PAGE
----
FROM: CREATING THE FUTURE
Perspectives on Educational Change
Compiled and Edited by Dee Dickinson
THOUGHTS ABOUT EDUCATION
Mihaly Csikszentmihalyi, Ph.D.
It has turned out that mass education is more difficult to achieve than we had anticipated. To close the gap between the rather dismal reality and earlier expectations, researchers and practitioners have placed their faith in teaching methods modeled on computers and other rational means for conveying information - which in turn were modeled on industrial production techniques and on military human systems design. The implicit hope has been that if we discover more and more rational ways of selecting, organizing, and distributing knowledge, children will learn more effectively.
Yet it seems increasingly clear that the chief impediments to learning are not cognitive in nature. It is not that students cannot learn, it is that they do not wish to. Computers do not suffer from motivational problems, whereas human beings do. We have not found ways to program children so that they will learn the information we present to them as computers do. Unfortunately, cognitive science has not taken adequate notice of this fact, and hence the current cognitive emphasis on teaching is missing out on an essential component of what learning is about.
Of the two main forms of motivation -- extrinsic and intrinsic -- I focus primarily on the second kind. Although both are needed to induce people to invest energy in learning, intrinsic motivation, which is operative when we learn something primarily because we find the task enjoyable and not because it is useful, is a more effective and more satisfying way to learn.
The claim is that if educators invested a fraction of the energy on stimulating the students' enjoyment of learning that they now spend in trying to transmit information we could achieve much better results. Literacy, numeracy, or indeed any other subject matter will be mastered more readily and more thoroughly when the student becomes able to derive intrinsic rewards from learning. At present, however, lamentably few students would recognize the idea that learning can be enjoyable.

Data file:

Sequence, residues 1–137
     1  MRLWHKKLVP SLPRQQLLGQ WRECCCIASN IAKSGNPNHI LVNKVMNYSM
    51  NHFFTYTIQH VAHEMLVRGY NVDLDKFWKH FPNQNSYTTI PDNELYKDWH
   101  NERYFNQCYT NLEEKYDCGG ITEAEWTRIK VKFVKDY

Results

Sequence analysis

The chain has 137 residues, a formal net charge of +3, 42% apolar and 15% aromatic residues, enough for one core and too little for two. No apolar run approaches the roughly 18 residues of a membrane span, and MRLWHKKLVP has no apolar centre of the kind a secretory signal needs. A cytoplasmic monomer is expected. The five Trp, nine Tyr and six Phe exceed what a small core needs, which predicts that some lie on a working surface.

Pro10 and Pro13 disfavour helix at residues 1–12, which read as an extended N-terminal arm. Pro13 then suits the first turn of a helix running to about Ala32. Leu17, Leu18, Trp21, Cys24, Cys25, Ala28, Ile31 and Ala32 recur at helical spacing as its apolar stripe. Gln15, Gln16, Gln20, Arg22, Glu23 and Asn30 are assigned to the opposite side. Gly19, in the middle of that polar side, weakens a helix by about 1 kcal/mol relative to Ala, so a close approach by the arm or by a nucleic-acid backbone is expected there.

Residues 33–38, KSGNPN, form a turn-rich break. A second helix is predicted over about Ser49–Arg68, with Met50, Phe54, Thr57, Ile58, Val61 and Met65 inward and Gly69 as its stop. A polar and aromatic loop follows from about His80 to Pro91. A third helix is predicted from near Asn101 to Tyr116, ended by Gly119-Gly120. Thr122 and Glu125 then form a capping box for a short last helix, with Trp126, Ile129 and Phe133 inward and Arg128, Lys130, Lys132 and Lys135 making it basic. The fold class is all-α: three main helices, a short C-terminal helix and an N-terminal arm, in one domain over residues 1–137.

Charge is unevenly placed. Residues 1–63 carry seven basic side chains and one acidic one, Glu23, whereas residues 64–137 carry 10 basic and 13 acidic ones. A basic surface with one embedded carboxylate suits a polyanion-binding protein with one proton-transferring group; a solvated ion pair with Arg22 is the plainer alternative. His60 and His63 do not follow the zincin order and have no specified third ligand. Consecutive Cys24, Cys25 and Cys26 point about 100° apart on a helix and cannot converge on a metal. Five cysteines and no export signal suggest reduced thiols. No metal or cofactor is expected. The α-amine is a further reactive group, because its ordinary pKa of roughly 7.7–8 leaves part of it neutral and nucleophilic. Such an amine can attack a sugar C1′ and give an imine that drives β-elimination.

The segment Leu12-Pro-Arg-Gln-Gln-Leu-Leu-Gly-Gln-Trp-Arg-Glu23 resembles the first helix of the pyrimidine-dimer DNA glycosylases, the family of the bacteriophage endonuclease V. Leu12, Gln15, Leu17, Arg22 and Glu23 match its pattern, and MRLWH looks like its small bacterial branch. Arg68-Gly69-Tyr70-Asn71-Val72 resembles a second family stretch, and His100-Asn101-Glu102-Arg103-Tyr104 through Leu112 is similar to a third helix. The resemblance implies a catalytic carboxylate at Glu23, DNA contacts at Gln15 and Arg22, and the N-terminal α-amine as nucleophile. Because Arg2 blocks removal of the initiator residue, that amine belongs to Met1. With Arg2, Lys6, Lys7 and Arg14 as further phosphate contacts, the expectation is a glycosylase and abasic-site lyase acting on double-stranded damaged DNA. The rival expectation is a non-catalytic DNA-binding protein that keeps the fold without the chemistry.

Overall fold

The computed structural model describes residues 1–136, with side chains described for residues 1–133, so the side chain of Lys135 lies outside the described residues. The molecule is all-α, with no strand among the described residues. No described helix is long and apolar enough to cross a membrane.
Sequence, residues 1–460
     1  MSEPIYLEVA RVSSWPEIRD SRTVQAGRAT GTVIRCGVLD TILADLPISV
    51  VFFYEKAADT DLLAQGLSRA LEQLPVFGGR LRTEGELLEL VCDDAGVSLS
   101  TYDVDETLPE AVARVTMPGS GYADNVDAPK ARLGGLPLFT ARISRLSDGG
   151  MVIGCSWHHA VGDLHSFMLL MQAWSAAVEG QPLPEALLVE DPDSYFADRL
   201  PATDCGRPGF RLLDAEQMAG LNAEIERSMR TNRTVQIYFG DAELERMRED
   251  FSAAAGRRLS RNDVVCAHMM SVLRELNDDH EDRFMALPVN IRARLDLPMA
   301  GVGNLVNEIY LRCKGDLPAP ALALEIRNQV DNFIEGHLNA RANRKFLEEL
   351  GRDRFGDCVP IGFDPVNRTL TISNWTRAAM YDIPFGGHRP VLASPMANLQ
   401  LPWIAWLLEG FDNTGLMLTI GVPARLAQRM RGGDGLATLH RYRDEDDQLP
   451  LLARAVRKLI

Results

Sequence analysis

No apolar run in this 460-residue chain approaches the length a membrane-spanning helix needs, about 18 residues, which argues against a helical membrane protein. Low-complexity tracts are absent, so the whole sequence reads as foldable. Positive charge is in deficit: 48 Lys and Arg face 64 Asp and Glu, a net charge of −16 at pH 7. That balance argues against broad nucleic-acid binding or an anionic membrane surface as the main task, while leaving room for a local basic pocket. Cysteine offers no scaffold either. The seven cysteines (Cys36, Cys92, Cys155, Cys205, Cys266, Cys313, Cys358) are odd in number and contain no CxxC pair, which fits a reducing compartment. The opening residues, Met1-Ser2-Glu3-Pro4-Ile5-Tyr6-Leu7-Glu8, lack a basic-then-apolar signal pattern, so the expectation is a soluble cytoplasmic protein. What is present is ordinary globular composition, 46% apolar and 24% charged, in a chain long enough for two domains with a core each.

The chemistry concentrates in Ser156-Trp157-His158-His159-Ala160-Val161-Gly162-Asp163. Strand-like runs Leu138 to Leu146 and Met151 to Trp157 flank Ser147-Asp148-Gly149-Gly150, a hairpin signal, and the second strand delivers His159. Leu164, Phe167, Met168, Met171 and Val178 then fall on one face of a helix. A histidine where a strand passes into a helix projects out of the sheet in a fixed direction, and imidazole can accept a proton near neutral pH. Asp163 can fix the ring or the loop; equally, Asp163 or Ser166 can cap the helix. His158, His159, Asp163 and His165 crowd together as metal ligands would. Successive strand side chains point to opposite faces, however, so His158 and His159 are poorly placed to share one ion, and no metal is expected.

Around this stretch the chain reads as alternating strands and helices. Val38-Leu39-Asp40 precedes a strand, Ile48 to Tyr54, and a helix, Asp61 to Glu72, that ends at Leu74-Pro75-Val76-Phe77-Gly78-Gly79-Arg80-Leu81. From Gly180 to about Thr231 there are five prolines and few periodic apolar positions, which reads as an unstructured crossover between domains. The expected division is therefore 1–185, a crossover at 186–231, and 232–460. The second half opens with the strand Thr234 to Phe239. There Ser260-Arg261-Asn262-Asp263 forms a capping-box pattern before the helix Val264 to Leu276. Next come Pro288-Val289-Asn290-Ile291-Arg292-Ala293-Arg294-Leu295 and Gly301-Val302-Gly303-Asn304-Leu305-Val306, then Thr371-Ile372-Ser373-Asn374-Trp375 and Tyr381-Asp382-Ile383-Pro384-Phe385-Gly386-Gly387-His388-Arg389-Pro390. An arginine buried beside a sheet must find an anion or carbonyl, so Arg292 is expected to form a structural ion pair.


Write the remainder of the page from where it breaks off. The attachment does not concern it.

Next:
When people enjoy whatever they are doing, they report some characteristic experiential states that distinguish the enjoyable moment from the rest of life. The same dimensions are reported in the context of enjoying chess, climbing mountains, playing with babies, reading a book, or writing a poem. They are the same for young and old, male and female, American or Japanese, rich or poor. In other words, the phenomenology of enjoyment seems to be a panhuman constant. When all the characteristics are present, we call this state of consciousness a flow experience, because many of the respondents reported that when what they were doing was especially enjoyable it felt like being carried away by a current, like being in a flow.
A teacher who understands the conditions that make people want to learn -- want to read, to write, and do sums -- is in a position to turn these activities into flow experiences. When the experience becomes intrinsically rewarding, students' motivation is engaged, and they are on their way to a lifetime of self-propelled acquisition of knowledge.
Fortunately, many teachers intuitively know that the best way to achieve their goals is to enlist students' interest on their side. They do this by being sensitive to students' goals and desires, and they are thus able to articulate the pedagogical goals as meaningful challenges. They empower students to take control of their learning; they provide clear feedback to the students' efforts without threatening their egos and without making them self-conscious. They help students concentrate and get immersed in the symbolic world of the subject matter. As a result, good teachers still turn out children who enjoy learning, and who will continue to face the world with curiosity and interest.